US stresses the need for free polls in Harare March 05
2005 at 03:48PM
Washington - American Secretary of State
Condoleezza Rice and her South African counterpart Nkosazana Dlamini-Zuma
held talks here on Friday and stressed the need for fair and free polls in
Zimbabwe at the end of this month.
elections in 2002 and the last parliamentary vote five years ago were marred
by allegations of rampant rigging, violence and intimidation.
Rice and Dlamini-Zuma on Friday "talked about the need for those elections
to be open, free and fair, and for hopefully the monitors to contribute to
that process," State Department spokesperson Richard Boucher told
Zimbabwe's long-serving ruler Robert Mugabe - whose
regime has been accused of making a farce of democracy and elections - has
led his country since independence from Britain in 1980.
has invited observers from the 14-nation Southern African Development
Community among 32 observer missions for the vote, which will be seen as a
litmus test of Harare's commitment to the regional bloc to hold a
Boucher said the United States had expressed
concerns that the conditions in Zimbabwe "make it difficult" to have free
and fair elections "but we certainly hope it can be.
welcome South Africa's effort in that regard," he said.
African President Thabo Mbeki has said the crunch parliamentary vote in
Zimbabwe on March 31 would be free and fair, underlining that it was the
only country in southern Africa with proper electoral laws.
has drawn flak for his "supportive" approach to Mugabe. - Sapa-AFP
Dear Family and
Friends, "Everyone here is sket, coz last time they chaya'd us all." This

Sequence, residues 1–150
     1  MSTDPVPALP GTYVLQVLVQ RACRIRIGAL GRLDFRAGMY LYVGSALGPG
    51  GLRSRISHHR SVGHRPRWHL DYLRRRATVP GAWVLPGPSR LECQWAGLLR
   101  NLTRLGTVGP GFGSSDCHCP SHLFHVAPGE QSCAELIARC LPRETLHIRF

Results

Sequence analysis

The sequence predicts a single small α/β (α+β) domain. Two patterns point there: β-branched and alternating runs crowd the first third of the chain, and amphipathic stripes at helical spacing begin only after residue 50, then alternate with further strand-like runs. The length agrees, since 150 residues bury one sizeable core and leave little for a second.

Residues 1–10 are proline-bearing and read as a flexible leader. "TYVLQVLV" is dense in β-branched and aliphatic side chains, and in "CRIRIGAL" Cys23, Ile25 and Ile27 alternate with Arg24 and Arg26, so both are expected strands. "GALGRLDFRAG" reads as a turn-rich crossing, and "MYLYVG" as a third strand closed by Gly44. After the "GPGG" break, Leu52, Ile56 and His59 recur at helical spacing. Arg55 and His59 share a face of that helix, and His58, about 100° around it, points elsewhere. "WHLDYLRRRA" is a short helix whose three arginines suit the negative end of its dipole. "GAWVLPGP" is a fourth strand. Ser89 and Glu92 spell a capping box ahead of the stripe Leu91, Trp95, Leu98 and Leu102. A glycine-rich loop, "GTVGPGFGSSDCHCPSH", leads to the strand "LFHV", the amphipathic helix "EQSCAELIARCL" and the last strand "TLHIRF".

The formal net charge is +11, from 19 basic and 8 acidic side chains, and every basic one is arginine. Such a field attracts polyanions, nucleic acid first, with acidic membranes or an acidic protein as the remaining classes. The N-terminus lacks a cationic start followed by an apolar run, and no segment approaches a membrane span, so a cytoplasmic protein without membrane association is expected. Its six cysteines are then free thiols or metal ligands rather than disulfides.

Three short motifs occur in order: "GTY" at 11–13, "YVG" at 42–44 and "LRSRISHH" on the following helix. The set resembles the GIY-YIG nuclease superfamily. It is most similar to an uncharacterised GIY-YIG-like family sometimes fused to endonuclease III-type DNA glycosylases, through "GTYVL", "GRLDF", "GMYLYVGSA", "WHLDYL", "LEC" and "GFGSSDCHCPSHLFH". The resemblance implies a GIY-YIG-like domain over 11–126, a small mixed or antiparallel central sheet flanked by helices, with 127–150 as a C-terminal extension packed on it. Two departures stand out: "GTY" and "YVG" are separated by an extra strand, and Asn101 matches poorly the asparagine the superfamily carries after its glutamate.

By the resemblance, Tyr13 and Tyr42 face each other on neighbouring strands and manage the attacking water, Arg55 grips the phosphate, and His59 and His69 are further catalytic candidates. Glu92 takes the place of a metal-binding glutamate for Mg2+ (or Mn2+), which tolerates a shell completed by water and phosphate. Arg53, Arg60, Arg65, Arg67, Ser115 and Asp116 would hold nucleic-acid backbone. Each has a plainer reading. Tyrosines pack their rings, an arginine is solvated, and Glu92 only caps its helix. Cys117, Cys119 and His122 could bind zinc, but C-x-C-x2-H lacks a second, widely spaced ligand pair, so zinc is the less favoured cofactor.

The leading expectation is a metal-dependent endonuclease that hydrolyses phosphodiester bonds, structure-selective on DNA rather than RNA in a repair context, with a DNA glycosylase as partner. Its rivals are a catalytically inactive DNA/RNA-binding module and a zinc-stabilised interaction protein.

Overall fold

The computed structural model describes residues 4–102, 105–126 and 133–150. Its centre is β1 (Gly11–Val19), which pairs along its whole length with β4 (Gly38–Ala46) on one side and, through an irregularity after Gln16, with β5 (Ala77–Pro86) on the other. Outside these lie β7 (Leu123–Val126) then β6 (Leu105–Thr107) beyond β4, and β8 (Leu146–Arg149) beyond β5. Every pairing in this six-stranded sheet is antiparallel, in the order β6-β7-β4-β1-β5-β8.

little sentence said to me by a local shop worker, says it all for the
atmosphere in Marondera just 26 days before parliamentary elections.
Everyone in the town is scared because we are all waiting for the beatings,
stonings and burnings that have characterized every single election here in
the last five years. Our town is full to bursting with strangers, luxury
cars, vehicles with no number plates and people with pockets full of money.
There are burly youths swaggering four abreast on the main roads, men in
dark glasses sitting in the sun just watching and every day literally
hundreds of people queuing outside the passport offices. The atmosphere in
the town is extremely tense. Most days I have to go past the house which was
petrol bombed in the last elections; the house that I watched burn for hours
through the night but which the fire brigade said they could not come and
attend to. Every week I see friends, both black and white, men and women,
who have been beaten and tortured in the last five years, lost their homes,
possessions and jobs and had to literally run for their lives. None of us
have seen justice done, yet, and the memories are still
Memories in Marondera are still very real, not only of burnings,
beatings and even human branding carved into men's backs at the last
election, but of a litany of abuse and decay that has become every day life.
Less than a year ago our schools were closed down and the head teachers
arrested. As I write our government hospitals and clinics do not even have